Two photosynthetic proteins, one function: Comparing electron transfer properties

FUNDING: 10 weeks (full time, 37 hrs per week, £12 per hour, £850 consumables, £500 student accommodation bursary)
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Dr. Henry Lloyd-Laney, Chemistry, York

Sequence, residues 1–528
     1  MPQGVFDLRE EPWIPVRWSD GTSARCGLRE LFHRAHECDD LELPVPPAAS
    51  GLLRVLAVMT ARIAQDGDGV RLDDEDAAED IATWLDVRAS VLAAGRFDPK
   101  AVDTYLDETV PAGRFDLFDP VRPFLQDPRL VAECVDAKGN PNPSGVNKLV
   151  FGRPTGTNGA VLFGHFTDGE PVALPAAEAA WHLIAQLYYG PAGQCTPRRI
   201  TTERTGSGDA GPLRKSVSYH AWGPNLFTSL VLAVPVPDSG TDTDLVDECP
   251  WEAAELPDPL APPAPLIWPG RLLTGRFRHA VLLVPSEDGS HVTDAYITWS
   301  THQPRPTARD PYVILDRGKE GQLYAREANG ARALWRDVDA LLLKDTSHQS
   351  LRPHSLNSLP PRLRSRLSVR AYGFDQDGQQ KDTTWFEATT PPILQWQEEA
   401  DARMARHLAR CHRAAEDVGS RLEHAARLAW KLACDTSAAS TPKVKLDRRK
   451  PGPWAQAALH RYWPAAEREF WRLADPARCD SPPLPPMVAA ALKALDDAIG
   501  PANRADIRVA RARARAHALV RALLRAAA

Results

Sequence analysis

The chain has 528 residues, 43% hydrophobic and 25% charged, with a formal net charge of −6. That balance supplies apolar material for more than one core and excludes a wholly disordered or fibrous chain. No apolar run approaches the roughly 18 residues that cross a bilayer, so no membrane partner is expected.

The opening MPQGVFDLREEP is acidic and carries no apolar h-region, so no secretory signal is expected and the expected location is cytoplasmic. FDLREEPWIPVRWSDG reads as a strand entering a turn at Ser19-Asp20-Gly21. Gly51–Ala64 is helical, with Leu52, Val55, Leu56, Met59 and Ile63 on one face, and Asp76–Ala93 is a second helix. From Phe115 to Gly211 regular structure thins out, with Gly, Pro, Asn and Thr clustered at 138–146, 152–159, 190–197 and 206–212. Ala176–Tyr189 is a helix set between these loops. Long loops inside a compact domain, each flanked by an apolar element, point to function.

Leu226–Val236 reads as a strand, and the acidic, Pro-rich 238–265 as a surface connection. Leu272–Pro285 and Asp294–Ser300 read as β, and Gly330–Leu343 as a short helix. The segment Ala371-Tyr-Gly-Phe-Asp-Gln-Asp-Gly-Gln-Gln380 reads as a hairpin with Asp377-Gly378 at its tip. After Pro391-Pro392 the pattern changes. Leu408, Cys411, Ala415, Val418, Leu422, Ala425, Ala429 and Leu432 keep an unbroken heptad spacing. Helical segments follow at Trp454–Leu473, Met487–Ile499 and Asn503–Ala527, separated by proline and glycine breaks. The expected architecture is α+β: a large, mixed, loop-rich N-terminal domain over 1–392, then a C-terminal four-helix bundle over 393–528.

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The photosynthetic electron transport chain of cyanobacteria and chloroplasts catalyses the conversion of solar light into chemical energy, which in turn serves as the primary source of energy for most of the Earth’s ecosystems. Central to this process are photosynthetic electron carrier proteins. Photosystem I, a key photosynthetic enzyme, is capable of accepting electrons from two evolutionarily distinct photosynthetic electron carriers: the blue copper protein plastocyanin and the haem-containing protein cytochrome c6. Whilst it has been postulated that cytochrome c6 (which is absent in plants) is the more ancient of the two proteins, recent bioinformatic evidence has refuted that claim. In this project, state-of-the-art electrochemical techniques will be used to analyse and compare the electron transfer kinetics of plastocyanin and cytochrome c6. The first period of the project will involve training in molecular biology and protein purification with the rest of the project focussing on electrochemistry and computational analysis. This is an exciting opportunity for an enthusiastic student to be at the vanguard of a project answering fundamental scientific questions about how life as we know it came to be. Students will be expected to present their findings orally at a research day in York in September 2024.